It goes without saying that this is a fabulous time of year for those who haunt farmers markets. Usually I wax on about my local greenmarket starting sometime around the end of June, but this year I was so distraught about missing cherry season that I just couldn't bring myself to even speak of the place. By the way, I have no idea how I missed out on my favorite fruit this year...I was out of town for a few weeks of course, but was the season unusually short this year? Anyone know?
Anyway, last Saturday the bounty was just too, well, bountiful, to ignore, and I felt compelled to buy up half the market. I could barely carry all of my loot, the weight of it was so great. I came stunningly close to hailing a cab rather than taking the subway, but my utter and absolute abhorrence of New York City cabs won out in the end and I struggled home like a poor beaten down pack mule instead. But just look at the treasures I was able to gather.
I had lost a few window box herbs during one of my trips out of town, so picked up a couple of new pots...new thyme, marjoram and tarragon (out with the dead sage and lemon verbena). They would be well pampered in the Lower East Side Ecological Center's potting soil...
...the product of all of those food scraps I bring every week to be composted.
And these San Marzano tomatoes from the ladies at Cherry Lane Farms were just to die for.
I later cooked them down into the sweetest, most delicious tomato sauce for a gorgeous pasta dinner.
I may have to start canning them though, they really are quite special.
It is clearly kirby cucumber season! The cukes are all over the market, and the prices are incredibly low, not just by Greenmarket standards, but by any standards at all. I picked up a few pounds for pickles.
As we speak I've got a massive jar of bread and butter pickles in my fridge and an even bigger jar of Michael Ruhlman's pickles fermenting in the bedroom (I put them on my side of the bed, let's just not tell Paul about them, shall we? Last time I cured/fermented anything in the bedroom I hung various bits of meat from his bike and he was less than pleased).
The best peaches in the market are from the Cheerful Cherry. Last summer it was a quirky older woman and her husband handing them out. This year, I believe that, sadly, the woman has passed away. But she quite oddly has been replaced by a gaggle of the most stylish English girls you've ever met. Tall, thin, gorgeous and with impeccably unstudied style a la Kate Moss, they will I'm sure be discovered in absolutely no time.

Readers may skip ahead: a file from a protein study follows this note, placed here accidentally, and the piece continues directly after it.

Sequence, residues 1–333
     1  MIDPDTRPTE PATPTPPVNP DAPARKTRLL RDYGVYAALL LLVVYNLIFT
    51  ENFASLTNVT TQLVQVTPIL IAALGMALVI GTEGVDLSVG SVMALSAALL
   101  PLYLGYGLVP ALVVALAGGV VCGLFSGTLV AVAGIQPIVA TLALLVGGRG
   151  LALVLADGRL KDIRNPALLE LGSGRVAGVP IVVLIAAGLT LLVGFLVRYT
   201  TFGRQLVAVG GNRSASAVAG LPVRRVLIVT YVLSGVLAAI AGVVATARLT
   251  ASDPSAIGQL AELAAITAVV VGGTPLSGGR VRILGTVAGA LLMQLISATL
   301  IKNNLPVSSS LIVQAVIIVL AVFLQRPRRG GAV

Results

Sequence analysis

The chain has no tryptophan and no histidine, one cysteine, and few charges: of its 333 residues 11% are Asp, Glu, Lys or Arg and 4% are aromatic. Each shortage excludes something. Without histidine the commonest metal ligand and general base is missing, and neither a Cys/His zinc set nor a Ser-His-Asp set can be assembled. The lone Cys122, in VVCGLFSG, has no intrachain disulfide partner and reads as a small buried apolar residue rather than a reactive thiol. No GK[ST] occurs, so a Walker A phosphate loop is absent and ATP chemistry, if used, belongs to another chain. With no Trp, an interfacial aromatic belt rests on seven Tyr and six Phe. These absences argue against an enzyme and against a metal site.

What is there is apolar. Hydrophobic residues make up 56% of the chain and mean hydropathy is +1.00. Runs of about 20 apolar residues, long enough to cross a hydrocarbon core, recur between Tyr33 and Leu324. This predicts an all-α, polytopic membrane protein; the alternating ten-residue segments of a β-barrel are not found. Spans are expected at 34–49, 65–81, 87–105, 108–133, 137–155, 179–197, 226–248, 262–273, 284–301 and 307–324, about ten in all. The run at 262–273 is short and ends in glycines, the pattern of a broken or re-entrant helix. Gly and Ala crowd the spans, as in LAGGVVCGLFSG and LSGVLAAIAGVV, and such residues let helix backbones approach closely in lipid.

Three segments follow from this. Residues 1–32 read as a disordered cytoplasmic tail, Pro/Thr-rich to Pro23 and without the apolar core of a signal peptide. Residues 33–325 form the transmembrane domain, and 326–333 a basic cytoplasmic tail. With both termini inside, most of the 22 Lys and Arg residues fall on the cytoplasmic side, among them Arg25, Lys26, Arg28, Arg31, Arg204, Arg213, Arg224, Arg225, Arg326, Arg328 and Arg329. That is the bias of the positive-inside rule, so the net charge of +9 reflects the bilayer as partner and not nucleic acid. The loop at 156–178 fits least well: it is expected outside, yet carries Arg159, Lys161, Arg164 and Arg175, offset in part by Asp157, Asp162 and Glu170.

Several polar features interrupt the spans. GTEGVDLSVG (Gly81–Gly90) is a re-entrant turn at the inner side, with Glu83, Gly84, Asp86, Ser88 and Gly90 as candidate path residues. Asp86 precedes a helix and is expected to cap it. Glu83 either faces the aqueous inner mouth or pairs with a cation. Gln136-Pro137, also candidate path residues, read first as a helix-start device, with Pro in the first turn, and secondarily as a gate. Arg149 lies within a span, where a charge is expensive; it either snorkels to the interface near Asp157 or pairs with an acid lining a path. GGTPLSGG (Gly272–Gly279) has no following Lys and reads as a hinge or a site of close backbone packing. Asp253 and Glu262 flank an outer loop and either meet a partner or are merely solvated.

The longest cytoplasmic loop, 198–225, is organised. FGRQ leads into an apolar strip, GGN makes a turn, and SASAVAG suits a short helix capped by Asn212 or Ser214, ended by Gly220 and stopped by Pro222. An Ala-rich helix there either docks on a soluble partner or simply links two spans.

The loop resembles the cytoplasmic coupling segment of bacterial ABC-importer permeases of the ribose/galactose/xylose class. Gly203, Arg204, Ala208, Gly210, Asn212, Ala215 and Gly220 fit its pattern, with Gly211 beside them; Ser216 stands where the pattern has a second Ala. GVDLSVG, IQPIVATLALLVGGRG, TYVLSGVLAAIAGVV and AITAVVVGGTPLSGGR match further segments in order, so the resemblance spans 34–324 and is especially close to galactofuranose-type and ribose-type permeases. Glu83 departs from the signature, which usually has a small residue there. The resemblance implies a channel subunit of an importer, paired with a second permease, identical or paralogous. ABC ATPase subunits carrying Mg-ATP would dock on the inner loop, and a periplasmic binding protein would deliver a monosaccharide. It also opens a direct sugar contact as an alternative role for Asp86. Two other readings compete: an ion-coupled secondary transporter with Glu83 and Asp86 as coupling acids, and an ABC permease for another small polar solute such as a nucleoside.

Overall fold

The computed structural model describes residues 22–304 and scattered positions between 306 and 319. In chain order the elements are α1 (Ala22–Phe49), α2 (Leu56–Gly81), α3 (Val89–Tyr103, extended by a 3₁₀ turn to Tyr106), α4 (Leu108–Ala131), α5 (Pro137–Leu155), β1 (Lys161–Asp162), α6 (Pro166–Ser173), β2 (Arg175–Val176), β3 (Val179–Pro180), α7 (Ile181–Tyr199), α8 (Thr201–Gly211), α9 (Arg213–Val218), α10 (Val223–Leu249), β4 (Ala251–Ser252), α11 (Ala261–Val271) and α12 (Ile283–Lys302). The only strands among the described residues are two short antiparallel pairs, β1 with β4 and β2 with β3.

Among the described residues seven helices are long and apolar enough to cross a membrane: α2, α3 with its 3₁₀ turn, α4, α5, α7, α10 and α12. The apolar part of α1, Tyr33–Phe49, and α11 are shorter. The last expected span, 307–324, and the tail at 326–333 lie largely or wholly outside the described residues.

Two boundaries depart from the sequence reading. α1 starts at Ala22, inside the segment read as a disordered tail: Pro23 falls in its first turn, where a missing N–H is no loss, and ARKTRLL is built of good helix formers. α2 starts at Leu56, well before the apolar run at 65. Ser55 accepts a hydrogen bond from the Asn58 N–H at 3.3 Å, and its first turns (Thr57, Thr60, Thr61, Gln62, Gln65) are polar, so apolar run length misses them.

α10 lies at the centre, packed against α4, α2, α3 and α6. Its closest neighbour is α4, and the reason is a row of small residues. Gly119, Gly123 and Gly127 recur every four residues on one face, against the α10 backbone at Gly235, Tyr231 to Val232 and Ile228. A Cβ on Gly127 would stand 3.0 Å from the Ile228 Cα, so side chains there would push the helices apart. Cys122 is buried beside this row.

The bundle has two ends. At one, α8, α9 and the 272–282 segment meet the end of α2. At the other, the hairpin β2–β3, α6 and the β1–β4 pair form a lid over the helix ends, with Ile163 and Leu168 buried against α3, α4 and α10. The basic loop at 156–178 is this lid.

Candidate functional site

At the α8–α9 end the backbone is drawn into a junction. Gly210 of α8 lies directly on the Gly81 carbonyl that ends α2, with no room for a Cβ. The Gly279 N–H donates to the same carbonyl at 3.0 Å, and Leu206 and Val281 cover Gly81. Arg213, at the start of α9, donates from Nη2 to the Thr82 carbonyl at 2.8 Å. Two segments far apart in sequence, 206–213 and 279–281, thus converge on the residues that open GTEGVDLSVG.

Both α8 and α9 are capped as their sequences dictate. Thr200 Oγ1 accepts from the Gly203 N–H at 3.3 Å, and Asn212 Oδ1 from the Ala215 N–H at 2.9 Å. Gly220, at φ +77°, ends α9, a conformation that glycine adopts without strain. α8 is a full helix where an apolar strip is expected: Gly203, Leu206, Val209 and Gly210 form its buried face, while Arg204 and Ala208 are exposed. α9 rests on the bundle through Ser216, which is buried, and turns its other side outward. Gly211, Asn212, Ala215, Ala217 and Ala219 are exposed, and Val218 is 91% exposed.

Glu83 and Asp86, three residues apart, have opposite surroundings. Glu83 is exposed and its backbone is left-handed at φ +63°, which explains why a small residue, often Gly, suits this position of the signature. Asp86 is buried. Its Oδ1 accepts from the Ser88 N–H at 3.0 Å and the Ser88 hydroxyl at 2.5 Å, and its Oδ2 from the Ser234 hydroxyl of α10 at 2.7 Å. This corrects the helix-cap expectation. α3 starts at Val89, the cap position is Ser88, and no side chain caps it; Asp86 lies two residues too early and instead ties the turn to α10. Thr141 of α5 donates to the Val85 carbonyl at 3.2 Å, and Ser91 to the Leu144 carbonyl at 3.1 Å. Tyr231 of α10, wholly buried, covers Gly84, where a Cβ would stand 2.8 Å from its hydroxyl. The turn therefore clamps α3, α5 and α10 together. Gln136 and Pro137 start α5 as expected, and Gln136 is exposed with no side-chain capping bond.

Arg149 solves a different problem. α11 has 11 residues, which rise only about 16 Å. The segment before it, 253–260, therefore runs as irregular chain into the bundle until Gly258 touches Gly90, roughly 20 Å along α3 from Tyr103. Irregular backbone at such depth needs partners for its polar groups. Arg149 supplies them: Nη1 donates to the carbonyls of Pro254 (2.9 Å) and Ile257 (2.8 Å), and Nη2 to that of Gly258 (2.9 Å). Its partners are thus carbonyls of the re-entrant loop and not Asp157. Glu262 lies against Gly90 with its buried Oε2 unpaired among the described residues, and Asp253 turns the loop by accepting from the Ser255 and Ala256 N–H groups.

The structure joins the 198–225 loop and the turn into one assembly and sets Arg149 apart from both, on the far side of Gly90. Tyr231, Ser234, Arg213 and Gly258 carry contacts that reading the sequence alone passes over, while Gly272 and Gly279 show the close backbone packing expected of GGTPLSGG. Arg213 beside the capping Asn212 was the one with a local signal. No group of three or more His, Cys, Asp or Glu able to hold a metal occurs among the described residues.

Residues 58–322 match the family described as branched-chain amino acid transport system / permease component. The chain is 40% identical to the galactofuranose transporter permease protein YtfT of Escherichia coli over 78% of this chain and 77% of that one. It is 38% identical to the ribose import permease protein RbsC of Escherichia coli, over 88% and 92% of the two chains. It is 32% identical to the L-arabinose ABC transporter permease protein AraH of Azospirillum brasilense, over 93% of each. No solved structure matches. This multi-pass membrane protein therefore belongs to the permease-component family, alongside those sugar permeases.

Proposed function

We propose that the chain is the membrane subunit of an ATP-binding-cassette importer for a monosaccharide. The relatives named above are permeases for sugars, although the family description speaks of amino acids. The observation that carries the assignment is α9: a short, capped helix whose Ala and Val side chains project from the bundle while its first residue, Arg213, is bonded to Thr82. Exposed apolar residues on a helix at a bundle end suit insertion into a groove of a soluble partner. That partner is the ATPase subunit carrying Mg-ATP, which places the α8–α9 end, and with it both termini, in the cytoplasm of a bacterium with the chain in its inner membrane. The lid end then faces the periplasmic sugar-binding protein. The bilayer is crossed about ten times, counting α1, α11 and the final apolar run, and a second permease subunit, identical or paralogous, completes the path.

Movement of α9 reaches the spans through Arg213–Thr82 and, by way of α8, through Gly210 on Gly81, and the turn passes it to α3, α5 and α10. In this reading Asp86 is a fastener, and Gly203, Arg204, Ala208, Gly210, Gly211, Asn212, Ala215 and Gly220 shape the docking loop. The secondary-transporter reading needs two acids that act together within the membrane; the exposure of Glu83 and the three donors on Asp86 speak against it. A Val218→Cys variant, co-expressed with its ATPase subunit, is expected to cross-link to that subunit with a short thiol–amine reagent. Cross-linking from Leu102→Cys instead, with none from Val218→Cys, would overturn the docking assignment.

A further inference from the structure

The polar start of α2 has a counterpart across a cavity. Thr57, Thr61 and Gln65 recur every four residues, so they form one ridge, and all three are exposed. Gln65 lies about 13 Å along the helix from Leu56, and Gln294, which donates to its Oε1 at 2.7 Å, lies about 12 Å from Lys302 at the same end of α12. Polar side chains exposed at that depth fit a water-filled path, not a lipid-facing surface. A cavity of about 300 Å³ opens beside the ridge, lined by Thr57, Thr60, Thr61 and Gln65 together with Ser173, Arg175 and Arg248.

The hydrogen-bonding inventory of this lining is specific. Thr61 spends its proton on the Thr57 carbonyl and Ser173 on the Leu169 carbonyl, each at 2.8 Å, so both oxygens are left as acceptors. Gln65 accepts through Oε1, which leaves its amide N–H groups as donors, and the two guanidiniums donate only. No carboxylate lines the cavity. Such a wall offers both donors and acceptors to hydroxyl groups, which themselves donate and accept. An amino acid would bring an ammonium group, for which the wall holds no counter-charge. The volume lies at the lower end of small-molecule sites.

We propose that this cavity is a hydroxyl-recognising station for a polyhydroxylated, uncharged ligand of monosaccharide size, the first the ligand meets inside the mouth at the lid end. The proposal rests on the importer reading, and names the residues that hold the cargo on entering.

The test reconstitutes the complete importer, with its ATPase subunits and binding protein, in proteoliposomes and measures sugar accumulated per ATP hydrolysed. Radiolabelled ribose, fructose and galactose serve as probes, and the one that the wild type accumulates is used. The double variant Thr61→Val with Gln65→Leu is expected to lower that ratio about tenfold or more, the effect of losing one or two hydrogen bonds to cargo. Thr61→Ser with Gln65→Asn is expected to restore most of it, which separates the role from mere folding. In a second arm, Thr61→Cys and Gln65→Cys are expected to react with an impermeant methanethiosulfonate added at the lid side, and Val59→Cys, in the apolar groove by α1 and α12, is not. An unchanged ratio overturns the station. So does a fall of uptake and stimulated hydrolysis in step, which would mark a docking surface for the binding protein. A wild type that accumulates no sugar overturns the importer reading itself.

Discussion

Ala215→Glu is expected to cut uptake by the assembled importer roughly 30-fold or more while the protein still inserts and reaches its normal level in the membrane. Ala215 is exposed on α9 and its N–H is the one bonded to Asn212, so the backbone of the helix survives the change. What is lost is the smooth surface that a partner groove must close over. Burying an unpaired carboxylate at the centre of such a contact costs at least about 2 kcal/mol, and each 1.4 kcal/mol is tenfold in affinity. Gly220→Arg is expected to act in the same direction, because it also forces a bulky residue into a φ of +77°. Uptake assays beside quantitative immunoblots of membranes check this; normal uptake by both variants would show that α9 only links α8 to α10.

Wonderful for them of course, but I will miss that je ne sais quoi that they add to the market experience.
These peaches and the intensely sweet blueberries (from a very nice vendor who's name escapes me) made it into just about every breakfast I ate for several days afterwards.
With ricotta and honey,
and then along with this incredible bread (a malted prune loaf spread with ricotta).
Often times Flying Pigs Farm has sold out of sweet Italian sausage by the time I get to them, but this day was different, so I happily picked up a package.
Now I find the sanctimonious free range people just as irritating as the next guy, but I have to tell you they do (annoyingly) have a point. This humanely raised pork is really like nothing you've had before, and is completely worth the price. I put one or two of these sausages in with some pasta and plain tomato sauce once and Paul proclaimed it to be the best thing he'd ever eaten. I'm not sure I would go that far, but it was far better than such a simple dish had any business being, and I attribute that completely to the sausages.
Thanks to my very crafty sister I have the pleasure of a new market bag (my old one, which she also made for me officially died).
The outside is a natural canvas and the interior is lined with the cutest oilcloth (to avoid any persistent staining from overripe fruit you see). She has occasionally threatened to make these bags en masse and sell them. I think she should, don't you?
All of my veggies and dairy products were in the bag. The milk was presently made into yogurt, the zucchini made its way into a few pastas, and those beets are destined for Hugh Fearnley-Whittingstall's beetroot and chocolate brownies. What became of the tuscan kale? This:
Turns out that if you've got good kale to begin with it is actually quite nice raw in a salad with a few other veggies, some pumpkin seeds and a nice garlicky vinaigrette. And if you mix up a big batch of this, it makes a wonderful ready-made pasta sauce to have on hand. Just throw the lot in a pan and saute, maybe with a few tomatoes if you have them around and some nice cheese and pasta and voila! Readymade dinner.
Heirloom tomatoes are really starting to take over the market these days, as are the plums. I fear the peaches may be on their way out soon, but I suppose that just makes room for other gorgeous things...